An operating system is a program loaded into a system or computer. and manage all the other program which is running on that OS Program, it manages the all other application programs. or in other words, we can say that the OS is an interface between the user and computer hardware.
So in this article, we will learn about what is Context switching in an Operating System and see how it works also understands the triggers of context switching and an overview of the Operating System.
Context switching in an operating system involves saving the context or state of a running process so that it can be restored later, and then loading the context or state of another. process and run it.
Context Switching refers to the process/method used by the system to change the process from one state to another using the CPUs present in the system to perform its job.
Example – Suppose in the OS there (N) numbers of processes are stored in a Process Control Block(PCB). like The process is running using the CPU to do its job. While a process is running, other processes with the highest priority queue up to use the CPU to complete their job.
Switching the CPU to another process requires performing a state save of the current process and a state restore of a different process. This task is known as a context switch. When a context switch occurs, the kernel saves the context of the old process in its PCB and loads the saved context of the new process scheduled to run. Context-switch time is pure overhead, because the system does no useful work while switching. Switching speed varies from machine to machine, depending on the memory speed, the number of registers that must be copied, and the existence of special instructions (such as a single instruction to load or store all registers). A typical speed is a few milliseconds. Context-switch times are highly dependent on hardware support. For instance, some processors (such as the Sun UltraSPARC) provide multiple sets of registers. A context switch here simply requires changing the pointer to the current register set. Of course, if there are more active processes than there are register sets, the system resorts to copying register data to and from memory, as before. Also, the more complex the operating system, the greater the amount of work that must be done during a context switch
The Need for Context Switching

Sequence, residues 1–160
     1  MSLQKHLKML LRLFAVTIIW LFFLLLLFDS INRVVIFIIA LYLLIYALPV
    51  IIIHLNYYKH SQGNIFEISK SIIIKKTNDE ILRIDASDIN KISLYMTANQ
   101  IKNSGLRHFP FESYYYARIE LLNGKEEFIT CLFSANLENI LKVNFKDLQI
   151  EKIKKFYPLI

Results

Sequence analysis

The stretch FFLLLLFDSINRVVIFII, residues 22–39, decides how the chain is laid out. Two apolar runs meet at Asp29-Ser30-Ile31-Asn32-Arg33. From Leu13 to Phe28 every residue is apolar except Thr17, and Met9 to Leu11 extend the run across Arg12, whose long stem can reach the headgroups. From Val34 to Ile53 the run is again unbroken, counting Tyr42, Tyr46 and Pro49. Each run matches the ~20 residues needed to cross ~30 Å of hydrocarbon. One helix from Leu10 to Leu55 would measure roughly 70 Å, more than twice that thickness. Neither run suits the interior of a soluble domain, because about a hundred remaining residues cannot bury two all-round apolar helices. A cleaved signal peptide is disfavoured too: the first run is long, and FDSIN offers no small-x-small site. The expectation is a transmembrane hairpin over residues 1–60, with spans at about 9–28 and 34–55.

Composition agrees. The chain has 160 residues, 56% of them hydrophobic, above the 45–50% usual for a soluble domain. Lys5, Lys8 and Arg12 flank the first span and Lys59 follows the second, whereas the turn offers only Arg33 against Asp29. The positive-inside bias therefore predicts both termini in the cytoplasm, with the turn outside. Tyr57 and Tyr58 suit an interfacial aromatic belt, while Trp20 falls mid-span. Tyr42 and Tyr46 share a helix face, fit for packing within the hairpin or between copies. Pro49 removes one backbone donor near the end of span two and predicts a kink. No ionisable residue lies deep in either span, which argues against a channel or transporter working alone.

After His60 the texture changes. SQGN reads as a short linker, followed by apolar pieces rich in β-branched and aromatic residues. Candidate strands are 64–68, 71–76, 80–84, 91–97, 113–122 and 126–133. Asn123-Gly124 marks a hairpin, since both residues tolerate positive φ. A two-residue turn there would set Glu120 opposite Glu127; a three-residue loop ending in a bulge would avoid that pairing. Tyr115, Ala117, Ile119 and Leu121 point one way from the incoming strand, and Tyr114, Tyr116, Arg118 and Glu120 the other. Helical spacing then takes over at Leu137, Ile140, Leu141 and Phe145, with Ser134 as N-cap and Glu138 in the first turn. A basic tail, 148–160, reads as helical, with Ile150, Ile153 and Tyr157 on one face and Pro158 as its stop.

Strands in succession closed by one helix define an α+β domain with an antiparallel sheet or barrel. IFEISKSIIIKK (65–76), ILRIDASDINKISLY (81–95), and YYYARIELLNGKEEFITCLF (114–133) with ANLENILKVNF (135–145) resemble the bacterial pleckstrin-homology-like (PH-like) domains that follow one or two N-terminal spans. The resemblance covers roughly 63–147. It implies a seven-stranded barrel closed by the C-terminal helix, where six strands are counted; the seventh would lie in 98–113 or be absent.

Context switching enables all processes to share a single CPU to finish their execution and store the status of the system’s tasks. The execution of the process begins at the same place where there is a conflict when the process is reloaded into the system.
The operating system’s need for context switching is explained by the reasons listed below.
- One process does not directly switch to another within the system. Context switching makes it easier for the operating system to use the CPU’s resources to carry out its tasks and store its context while switching between multiple processes.
- Context switching enables all processes to share a single CPU to finish their execution and store the status of the system’s tasks. The execution of the process begins at the same place where there is a conflict when the process is reloaded into the system.
- Context switching only allows a single CPU to handle multiple processes requests parallelly without the need for any additional processors.
Context Changes as a Trigger
The three different categories of context-switching triggers are as follows.
- User/Kernel switch
Interrupts: When a CPU requests that data be read from a disc, if any interruptions occur, context switching automatically switches to a component of the hardware that can handle the interruptions more quickly.
Multitasking: The ability for a process to be switched from the CPU so that another process can run is known as context switching. When a process is switched, the previous state is retained so that the process can continue running at the same spot in the system.
Kernel/User Switch: This trigger is used when the OS needed to switch between the user mode and kernel mode.
When switching between user mode and kernel/user mode is necessary, operating systems use the kernel/user switch.
Process Control Block
So, The Process Control block(PCB) is also known as a Task Control Block. it represents a process in the Operating System. A process control block (PCB) is a data structure used by a computer to store all information about a process. It is also called the descriptive process. When a process is created (started or installed), the operating system creates a process manager.
State Diagram of Context Switching
Working Process Context Switching
So the context switching of two processes, the priority-based process occurs in the ready queue of the process control block. These are the following steps.
- The state of the current process must be saved for rescheduling.
- The process state contains records, credentials, and operating system-specific information stored on the PCB or switch.
- The PCB can be stored in a single layer in kernel memory or in a custom OS file.
- A handle has been added to the PCB to have the system ready to run.
- The operating system aborts the execution of the current process and selects a process from the waiting list by tuning its PCB.
- Load the PCB’s program counter and continue execution in the selected process.
- Process/thread values can affect which processes are selected from the queue, this can be important.
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